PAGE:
Government denies it was a political move and says Hekmatyar had also called for the dismissals.
Hekmatyar Claims Dismissal Of Election Officials Was ‘Political'
Government on Thursday rejected claims by leader of Hizb-e-Islami and presidential hopeful Gulbuddin Hekmatyar that government’s move to dismiss members of the Independent Election Commission (IEC) and the Independent Electoral Complaints Commission (IECC) was a political move.
The government argues that the election commissioners were fired over widespread allegations of corruption, fraud and massive irregularities in the election process. The government is expected to introduce new commissioners next week.
But Hekmatyar declared the dismissal “illegal”. He said government should have identified which specific member of the election commission had been involved in corruption.
“A member of the commission said that except for one candidate, all other documents had problems, one is the chief executive officer and the other one is his deputy who have not resigned from their job. Second Vice President has also not tendered his resignation while he has been running as deputy, legally their documents are not credible and are illegal. It is believed that the two commissions had decided to declare the documents as illegal.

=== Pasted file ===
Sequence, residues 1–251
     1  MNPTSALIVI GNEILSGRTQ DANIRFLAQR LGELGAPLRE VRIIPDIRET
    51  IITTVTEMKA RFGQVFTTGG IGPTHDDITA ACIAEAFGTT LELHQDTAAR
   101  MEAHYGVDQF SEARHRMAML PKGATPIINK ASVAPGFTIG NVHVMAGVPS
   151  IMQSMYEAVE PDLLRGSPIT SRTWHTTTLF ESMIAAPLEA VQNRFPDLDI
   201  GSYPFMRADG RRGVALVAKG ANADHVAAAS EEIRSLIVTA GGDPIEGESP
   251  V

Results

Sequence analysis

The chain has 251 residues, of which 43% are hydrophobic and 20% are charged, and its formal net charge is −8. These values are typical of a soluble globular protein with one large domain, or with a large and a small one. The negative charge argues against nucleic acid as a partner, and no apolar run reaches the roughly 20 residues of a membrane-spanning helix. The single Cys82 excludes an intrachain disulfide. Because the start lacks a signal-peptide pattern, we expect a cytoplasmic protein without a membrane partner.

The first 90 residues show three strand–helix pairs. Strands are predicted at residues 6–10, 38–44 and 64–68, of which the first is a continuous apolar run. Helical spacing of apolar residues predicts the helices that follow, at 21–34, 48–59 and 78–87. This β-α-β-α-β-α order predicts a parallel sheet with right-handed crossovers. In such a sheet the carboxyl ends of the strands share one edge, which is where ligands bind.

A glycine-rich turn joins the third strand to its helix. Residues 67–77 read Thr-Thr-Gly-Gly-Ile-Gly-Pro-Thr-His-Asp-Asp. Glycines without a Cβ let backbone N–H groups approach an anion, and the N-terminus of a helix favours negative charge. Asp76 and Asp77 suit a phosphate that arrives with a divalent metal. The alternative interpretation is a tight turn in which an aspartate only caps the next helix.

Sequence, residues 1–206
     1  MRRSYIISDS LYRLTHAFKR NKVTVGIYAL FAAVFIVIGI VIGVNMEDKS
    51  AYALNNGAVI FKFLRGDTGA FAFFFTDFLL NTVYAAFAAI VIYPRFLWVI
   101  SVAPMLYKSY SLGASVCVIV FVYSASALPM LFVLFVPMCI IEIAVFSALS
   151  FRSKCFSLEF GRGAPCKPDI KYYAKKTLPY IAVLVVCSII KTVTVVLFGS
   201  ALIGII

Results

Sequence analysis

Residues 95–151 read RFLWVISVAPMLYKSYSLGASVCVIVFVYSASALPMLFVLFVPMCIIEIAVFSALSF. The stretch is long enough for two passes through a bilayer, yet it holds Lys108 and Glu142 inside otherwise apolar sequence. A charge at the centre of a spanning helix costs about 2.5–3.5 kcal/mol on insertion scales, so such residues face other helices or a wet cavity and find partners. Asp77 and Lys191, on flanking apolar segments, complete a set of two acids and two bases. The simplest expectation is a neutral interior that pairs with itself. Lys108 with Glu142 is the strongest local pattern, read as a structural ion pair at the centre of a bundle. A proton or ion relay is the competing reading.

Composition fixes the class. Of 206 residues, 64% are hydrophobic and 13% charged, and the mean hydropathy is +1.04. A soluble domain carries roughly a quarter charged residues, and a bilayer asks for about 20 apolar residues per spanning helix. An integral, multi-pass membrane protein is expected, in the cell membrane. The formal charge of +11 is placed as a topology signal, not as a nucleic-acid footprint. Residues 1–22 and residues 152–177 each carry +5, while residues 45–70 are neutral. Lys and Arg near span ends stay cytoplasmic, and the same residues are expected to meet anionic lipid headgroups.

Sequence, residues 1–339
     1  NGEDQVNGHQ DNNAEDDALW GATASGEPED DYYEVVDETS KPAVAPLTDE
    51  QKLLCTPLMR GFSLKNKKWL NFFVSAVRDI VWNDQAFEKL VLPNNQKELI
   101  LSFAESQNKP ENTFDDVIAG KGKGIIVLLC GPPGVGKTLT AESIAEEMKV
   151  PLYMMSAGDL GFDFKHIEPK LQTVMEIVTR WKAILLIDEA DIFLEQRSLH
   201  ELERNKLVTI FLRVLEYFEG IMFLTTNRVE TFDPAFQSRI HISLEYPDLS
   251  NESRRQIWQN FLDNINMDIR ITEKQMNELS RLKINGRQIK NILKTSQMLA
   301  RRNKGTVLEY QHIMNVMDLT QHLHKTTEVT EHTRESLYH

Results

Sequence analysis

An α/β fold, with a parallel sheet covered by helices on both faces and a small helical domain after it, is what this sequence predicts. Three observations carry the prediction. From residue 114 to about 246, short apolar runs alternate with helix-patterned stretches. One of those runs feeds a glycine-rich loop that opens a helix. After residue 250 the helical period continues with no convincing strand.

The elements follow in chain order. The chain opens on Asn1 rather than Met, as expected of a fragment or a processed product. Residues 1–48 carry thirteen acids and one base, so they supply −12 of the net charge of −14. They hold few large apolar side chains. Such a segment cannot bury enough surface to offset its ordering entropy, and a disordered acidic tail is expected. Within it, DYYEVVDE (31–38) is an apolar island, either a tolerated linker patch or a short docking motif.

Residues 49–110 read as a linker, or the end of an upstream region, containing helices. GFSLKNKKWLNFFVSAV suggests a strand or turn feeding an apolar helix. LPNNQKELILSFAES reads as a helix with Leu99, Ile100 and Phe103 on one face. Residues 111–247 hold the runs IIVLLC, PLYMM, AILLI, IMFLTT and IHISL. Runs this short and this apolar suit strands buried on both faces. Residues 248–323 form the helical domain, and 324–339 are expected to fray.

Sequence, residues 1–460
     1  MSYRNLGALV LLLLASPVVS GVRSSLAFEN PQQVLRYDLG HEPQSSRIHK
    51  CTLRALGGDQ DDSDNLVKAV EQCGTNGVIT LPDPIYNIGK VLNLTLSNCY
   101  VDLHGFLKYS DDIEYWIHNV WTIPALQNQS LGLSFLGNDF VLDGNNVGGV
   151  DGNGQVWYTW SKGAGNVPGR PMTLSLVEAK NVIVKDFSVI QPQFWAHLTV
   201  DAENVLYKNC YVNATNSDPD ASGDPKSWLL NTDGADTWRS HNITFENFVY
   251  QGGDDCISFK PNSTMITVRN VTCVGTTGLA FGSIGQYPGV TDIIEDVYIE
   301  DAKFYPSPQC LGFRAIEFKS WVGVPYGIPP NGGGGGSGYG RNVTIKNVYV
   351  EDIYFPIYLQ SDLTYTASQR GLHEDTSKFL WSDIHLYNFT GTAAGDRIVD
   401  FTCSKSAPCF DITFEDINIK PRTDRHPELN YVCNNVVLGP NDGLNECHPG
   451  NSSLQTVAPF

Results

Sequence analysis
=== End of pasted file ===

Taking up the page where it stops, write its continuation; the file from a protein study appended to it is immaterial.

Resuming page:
But the strongmen took the stage by dissolving the commissions. They did not give the opportunity to the commissions to announce their decision,” said Hekmatyar.
But government says Hekmatyar was one of the critics who had been calling for the dismissal of the commissioners.
“It was not a political decision,” said Mohammad Hedayat, media advisor to Second Vice President Mohammad Sarwar Danish.
Efforts have been expedited to introduce new members of the election commissions.
“Possibly some of the candidates will make a coalition,” said Khalil Raufi, an electoral expert.
Based on the election law, the government will pick new members of the election commissions from amongst 87 candidates.
“If they introduce a person and then take him as hostage while we know that at the same time the political parties have relations with the electoral tickets and the candidates, in that case, we will have a tough time,” said Mohammad Yousuf Rashid, head of Free and Fair Election Forum of Afghanistan (FEFA).
The election commissioners were removed from their posts after President Ashraf Ghani approved an amendment to the electoral law last week. According to Ghani’s decree, the two commissions are now being run by heads of the secretariats of the electoral bodies.
Election observer organizations on Tuesday said that some former and incumbent members of the election commissions, who are accused of corruption and playing a role in irregularities in the parliamentary polls, have applied rejoin the electoral bodies, adding that this needs to be prevented in order to ensure transparency in the process.
This comes a week after the AGO banned election commissioners from travelling after they were removed from their posts following the amendment to the election law.